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KOEDYKER: It's time to revive the sacred art of listening

• Sep 13, 2017 at 2:30 PM

“My brothers and sisters, take note of this: Everyone should be quick to listen, slow to speak and slow to become angry.”

If there were ever words that we ought to pay attention to at this particular time, it is those words from James 1:19 in the New Testament of the Bible.

It seems to me that, at the present time in the United States, there is an awful (and I mean “awful”) lot talking and shouting and bickering and fighting going on about different opinions. And most of the shouting appears to be about politics, social issues and matters of religion.

It just so happens that these three main areas of conversation always seem to bring about discussions and arguments. People really get charged up about these things. That’s because these things often go to the heart of what people believe. So, unfortunately what often happens is that what could be a profitable discussion degenerates into yelling, name-calling and even violence.

Part of the problem is that we all want to be heard. We don’t want to be shut down.

Actually, the need to be heard is a very basic human need.

I had a conversation with someone the other day and one thing that came up again and again as we spoke was the fact that her boss ignored her. When she had something to say, he acted like he was not interested; when she had a question, he never answered her. It frustrated my friend to no end.

God created us as social beings. That is a tremendous blessing! Talking, sharing, caring, listening — these are all important elements in a meaningful relationship.

I love the Psalm attributed to King David that says, “How good and pleasant it is when brothers and sisters dwell together in unity.” (Psalm 133:1) It is pleasant!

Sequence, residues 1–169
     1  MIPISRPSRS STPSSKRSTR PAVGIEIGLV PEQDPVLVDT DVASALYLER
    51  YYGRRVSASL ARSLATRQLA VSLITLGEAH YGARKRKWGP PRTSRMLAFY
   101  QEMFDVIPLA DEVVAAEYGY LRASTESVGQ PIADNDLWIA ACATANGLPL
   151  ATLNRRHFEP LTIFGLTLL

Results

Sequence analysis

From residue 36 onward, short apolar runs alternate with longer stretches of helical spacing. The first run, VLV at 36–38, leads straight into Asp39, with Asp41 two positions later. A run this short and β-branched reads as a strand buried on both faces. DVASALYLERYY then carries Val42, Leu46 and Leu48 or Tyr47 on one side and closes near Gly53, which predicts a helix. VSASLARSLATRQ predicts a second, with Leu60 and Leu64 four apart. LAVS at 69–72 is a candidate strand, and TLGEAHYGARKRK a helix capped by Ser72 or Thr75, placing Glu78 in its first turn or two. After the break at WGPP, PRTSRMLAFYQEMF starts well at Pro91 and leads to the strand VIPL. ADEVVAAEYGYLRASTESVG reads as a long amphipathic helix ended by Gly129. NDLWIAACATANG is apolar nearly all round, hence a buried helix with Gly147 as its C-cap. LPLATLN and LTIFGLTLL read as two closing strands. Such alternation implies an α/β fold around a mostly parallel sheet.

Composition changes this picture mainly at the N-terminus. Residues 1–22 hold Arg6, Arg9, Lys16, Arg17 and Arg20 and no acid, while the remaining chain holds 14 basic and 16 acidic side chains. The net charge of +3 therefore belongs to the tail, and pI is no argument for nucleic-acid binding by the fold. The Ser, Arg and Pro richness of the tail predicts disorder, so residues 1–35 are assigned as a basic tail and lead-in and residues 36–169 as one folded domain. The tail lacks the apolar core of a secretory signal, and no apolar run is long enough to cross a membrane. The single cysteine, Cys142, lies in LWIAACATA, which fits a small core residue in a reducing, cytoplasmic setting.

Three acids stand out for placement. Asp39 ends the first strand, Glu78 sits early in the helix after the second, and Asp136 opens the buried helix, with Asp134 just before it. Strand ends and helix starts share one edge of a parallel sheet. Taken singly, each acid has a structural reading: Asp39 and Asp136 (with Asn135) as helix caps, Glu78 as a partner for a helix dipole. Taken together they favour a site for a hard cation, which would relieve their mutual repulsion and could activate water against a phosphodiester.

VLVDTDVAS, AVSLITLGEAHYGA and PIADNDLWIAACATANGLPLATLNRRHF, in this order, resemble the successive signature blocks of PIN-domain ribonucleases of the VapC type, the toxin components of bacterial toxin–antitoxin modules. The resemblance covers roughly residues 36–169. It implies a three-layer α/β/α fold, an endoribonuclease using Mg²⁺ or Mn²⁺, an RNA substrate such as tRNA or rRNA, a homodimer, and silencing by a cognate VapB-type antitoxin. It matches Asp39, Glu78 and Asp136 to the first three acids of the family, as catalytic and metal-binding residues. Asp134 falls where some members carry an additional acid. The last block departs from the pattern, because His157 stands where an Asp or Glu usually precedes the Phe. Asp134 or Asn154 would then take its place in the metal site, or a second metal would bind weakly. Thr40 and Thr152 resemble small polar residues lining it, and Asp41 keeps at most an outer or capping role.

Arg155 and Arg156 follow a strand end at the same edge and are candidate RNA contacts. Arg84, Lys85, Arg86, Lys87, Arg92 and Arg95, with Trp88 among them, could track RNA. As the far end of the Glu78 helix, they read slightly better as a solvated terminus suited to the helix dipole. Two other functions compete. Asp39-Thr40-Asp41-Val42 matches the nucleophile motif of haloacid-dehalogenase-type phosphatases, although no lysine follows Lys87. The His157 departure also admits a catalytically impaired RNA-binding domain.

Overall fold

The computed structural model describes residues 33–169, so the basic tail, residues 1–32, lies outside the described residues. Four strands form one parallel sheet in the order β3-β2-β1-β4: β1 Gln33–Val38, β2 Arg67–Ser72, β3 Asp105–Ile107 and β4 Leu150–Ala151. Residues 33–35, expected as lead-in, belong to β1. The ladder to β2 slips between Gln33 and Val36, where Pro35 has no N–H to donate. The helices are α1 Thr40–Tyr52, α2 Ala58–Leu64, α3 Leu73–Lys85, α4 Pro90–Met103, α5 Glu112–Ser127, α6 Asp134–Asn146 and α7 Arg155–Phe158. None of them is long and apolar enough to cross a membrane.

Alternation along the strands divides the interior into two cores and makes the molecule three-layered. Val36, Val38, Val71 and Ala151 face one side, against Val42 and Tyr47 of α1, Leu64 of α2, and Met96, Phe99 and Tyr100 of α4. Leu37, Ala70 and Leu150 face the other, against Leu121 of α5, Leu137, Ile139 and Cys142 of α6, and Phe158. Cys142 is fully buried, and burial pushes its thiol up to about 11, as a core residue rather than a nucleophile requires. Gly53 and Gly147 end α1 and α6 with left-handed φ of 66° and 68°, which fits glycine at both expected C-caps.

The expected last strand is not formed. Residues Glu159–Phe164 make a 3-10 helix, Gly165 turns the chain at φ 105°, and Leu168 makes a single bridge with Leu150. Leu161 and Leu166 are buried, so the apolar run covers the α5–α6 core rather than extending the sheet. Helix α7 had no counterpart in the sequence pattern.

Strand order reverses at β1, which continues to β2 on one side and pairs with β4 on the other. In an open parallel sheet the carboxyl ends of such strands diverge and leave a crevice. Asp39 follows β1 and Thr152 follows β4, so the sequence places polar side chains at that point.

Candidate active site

Having an honest and genuine relationship with another person takes effort. It doesn’t happen automatically. And it requires even more effort with people you may not like or agree with.

One of the great commandments that Jesus spoke of and lived out was, “Love your neighbor as yourself.” When someone went further on in the conversation and asked, “Who is my neighbor?” Jesus responded with the story of the Good Samaritan. And what a story that was — a story that never grows old or becomes out of date.

Our neighbor is not just the person or family who lives next door, it’s whoever crosses our path. That could be anyone: the waitress at the restaurant, the kid who delivers the newspaper, the mail carrier, the person who is waiting in line with you at the store. Anyone!

And often, it seems to me, developing relationships with people has a lot to do with listening.

Another friend was telling me the other day that he and his family were invited for dinner by another family. The host asked my friend questions about himself, but before my friend was finished with his thought, the host charged into the conversation to talk about himself. “It was like he never even heard what I said” was how my friend described it.

In an article from Psychology Today, “The Sacred Art of Listening,” author Tara Brach concurred with how my friend felt. “We spend most our moments when someone is speaking, planning what we’re going to say, trying to come up with our presentation of our self, or controlling the situation.” (Jan. 9, 2014) Instead, she says, “Pure listening is letting go of control.” We can’t understand a person when we are trying to control the conversation or trying to impress them with what we are saying.

Here’s how she sums it up: “The bottom line is, when we are listened to, we feel connected. When we are not listened to, we feel separate.”

God’s plan is that we be connected with others — that we share the joys and sadness of life together; that we care for each other, encourage each other, and support each other. That is really the essence of love.

Jackie DeShannon had a popular song when I was growing up: “What the world needs now is love, sweet love; it’s the only thing that there’s just too little of.” Well, the world has not changed all that much — we still need love. But in order to love, we need to listen.

An unknown author put it this way: A wise old owl lived in an oak. The more he saw, the less he spoke. The less he spoke, the more he heard.

Why can’t we all be like that wise old bird?

— By the Rev. John Koedyker, Tribune community columnist and pastor of congregational care at First Reformed Church of Grand Haven

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